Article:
Until 2018, Arsenal fans under the age of 20 knew only one man to occupy the manager’s office, but how much do they know about George Graham?

George Graham poses with the previous seasons silverware at Highbury on August 1, 1991 in London, England. (Photo by Shaun Botterill/Getty Images)
LONDON, UNITED KINGDOM – AUGUST 01: Arsenal manager George Graham poses with the previous seasons silverware at Highbury on August 1, 1991 in London, England. (Photo by Shaun Botterill/Getty Images)

That man is, of course, Arsène Wenger.

These Arsenal fans may or may not be aware that if it wasn’t for Arsène, a certain George Graham would almost certainly be acclaimed as Arsenal’s most successful manager since Herbert Chapman.

Incredibly, in stark contrast to the half a century which lay between Chapman’s death from pneumonia and the appointment of George Graham in 1986, just 18 months separated Wenger’s arrival and Graham’s departure.

Either we were very lucky, or David Dein really was a genius.

Between the two men, Arsenal won five league championships, eight FA Cups, two league cups and one European Cup Winner’s Cup.

That’s 16 major trophies across 27 years, or a trophy every 19 months.

When you think that this run includes the nine years without any silverware that nobody ever mentioned, it’s quite an incredible haul.

It’s also one that George can feel justifiably proud of contributing to.

Yet, unless you know your Arsenal history (of course, lots of you reading will), all you know about our very own Double G may be that he had a spell managing that lot up the road.

Maybe you know that he can claim the unfortunate distinction of being sacked by both clubs- I’m sure you’ve heard whispers about brown envelopes, right?

It’s a funny thing, timing.

Charlie George and George Graham
Charlie George and George Graham

George was appointed Spurs manager in October 1998 having spent two years managing the equally hateful Leeds United. Arsenal had, of course, completed their first double since 1971 just three months previously.

Although it didn’t quite sit right for a man, who apparently has a shrine to Arsenal Football Club in his house, to be degrading himself with that lot, I remember kind of feeling, “So what?

This was no Sol Campbell, a man at the height of his powers, defecting up the road.

No, Arsenal had had nine largely golden years with George, it had come to an unfortunate end and he’d been moved on.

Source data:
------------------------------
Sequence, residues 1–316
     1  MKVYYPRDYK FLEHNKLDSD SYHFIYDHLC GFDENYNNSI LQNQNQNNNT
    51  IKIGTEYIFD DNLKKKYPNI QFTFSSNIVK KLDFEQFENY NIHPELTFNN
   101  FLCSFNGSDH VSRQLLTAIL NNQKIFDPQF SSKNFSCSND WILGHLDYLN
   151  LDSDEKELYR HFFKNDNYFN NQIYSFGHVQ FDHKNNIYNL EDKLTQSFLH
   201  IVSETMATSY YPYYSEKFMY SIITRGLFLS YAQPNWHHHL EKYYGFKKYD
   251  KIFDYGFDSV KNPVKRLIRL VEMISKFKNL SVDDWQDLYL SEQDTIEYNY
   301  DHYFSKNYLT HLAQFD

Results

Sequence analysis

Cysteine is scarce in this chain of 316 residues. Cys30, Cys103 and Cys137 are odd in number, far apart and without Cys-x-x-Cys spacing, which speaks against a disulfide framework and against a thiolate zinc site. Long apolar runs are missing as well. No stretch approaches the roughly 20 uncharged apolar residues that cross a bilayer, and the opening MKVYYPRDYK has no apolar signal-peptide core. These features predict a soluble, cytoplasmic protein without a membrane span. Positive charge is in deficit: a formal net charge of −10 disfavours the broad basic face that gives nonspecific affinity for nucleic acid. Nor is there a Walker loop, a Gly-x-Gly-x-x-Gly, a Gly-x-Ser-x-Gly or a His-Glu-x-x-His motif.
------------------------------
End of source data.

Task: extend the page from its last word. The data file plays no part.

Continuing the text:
On the other hand, as evidenced by the Premier League and FA Cup trophies gleaming away in our trophy cabinet, our new man was doing very well indeed. In fact, it seemed that the Spurs fans were a lot angrier about his appointment than we were.

Aside from the fact that George was now managing the enemy- to me, at least- he wasn’t really THE enemy.

He was more of an agent of chaos sent in to disrupt Spurs with all their talk, always the talk, of the glory game.

I still maintain to this day, though this has no basis in fact whatsoever, that George probably used his position as Spurs manager to encourage their captain to make that momentous switch in the summer of 2001.

In the interests of balance, I should say that George’s decision to substitute David Ginola, his best player, at Old Trafford on the last day of the 1999 season when we needed a Spurs win to retain the league title doesn’t speak to a man who was too bothered about helping his former employers.

It was easy for me to be blasé about George being the Spurs manager though, I had other things to worry about when he began his tenure in the north London badlands AKA Middlesex.

I had just begun a year’s “study” in Bilbao, so I couldn’t really have been less disconnected from events in north London if I’d tried.

We know, us students of Arsenal history, how well George did for us. “Arsenal are back”, “It’s up for Grabs Now!“, the almost Invincibles, Linighan’s last minute heroics and the astonishing display of resilience in Copenhagen 21 years ago are seared into the consciousness of this club just as much as anything that followed.